Looks bad without lighting, fog and color correction, but at least everything is in place and not broken.Update: And when I thought everything is going fine now, I saw this:The height of this area is exactly 9999 meters, so it’s not a bug, just some weird special case I need to take into account.
You can share your custom decals on Open Horizon Booru
Decal creating guide: How-to-create-custom-decals
If you have problems with posting or just feel lazy to create an account, you can send your mods me and I’ll post it
Menu in Open Horizon is now lua-scripted, with the ability to load other scripts from campaign/ folder. And that means that all the power of lua can be used to create custom campaigns with their own logic. Example campaign will be included in the upcoming demo.
I wish THE Ace Love iDOL: Live Combat M@STER! was a real thing.
I’m going to release new version of Open Horizon this year.
A few of my colleagues and me decided to try our hand at creating an RPG. Now, this is a long process, and we’re presently at the very beginning, and none of us are experienced game designers. So the only way to go is to prototype, iterate and playtest.
Today, I invite you to test a combat system for this RPG. It looks a lot like JRPG/Dungeo Crawler combat, but I tried to make it a bit different from the usual fare in these genres, by putting emphasis on difficulty of each combat, instead of dungeon (a sequence of combats) as a whole. So, health and mana of all characters are fully restored after each battle, like in many modern western games.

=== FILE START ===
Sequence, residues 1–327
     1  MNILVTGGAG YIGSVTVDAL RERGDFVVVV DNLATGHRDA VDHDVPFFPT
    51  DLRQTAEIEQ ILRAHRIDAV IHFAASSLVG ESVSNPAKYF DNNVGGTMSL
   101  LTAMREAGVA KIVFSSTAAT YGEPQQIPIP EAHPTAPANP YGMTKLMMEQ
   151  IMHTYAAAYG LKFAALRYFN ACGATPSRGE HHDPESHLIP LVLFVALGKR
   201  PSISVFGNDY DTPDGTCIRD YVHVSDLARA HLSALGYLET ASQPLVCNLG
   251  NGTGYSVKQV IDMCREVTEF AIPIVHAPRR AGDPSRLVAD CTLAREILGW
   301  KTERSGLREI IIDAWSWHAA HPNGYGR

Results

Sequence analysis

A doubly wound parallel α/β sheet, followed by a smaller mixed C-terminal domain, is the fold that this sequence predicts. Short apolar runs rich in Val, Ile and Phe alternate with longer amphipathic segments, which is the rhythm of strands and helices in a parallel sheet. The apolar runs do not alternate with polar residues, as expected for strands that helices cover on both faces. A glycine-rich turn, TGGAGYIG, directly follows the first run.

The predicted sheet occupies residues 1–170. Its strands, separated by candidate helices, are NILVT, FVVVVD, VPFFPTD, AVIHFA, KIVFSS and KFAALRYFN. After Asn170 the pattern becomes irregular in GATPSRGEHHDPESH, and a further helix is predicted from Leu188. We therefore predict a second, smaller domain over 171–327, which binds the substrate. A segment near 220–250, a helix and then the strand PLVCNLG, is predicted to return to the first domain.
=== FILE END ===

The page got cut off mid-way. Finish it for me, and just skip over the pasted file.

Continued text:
The test is quite simple: you have to fight 5 battles of increasing difficulty until you defeat a boss. This should take less then an hour, I believe (and so there are no save/loads). I’ve been working on this for some weeks in the evenings, so don’t expect much of it, especially visually, but I think it should be playable enough for more-or-less experienced players now. The test is programmed in C++, but is compiled for web via Emscripten.
I welcome all feedback you can give: what did you like, what frustrated you, what was funny etc. Please do not hesitate to write a comment to this post, or drop me a line by e-mail.
Shocking truth, but significant part of Open Horizon’s code wouldn’t pass my own code review. It’s probably ok for pet-project, because if I will rewrite code every time I want, the project would be in development forever. The reason code isn’t perfect from the start is quite simple.
First of all, I don’t know how the original game worked before some research so I write first implementation, then, when problems occurs, I research again with updated information, making new assumptions. This is a continuous process, but other code is already depends on what I wrote previously so every time such problems appears I can’t just rewrite it all.
On the game mechanics side, I often choose ugly solutions right before the release, because I want it to be done already so I cut corners and struggle with my own architecture. While I’m complaining about architecture, the other aspects of the code quality, like checking ranges and pointers, are mostly fine, because it’s critical to the stability and sanity. Any unnoticed null pointer reduces game’s value to zero.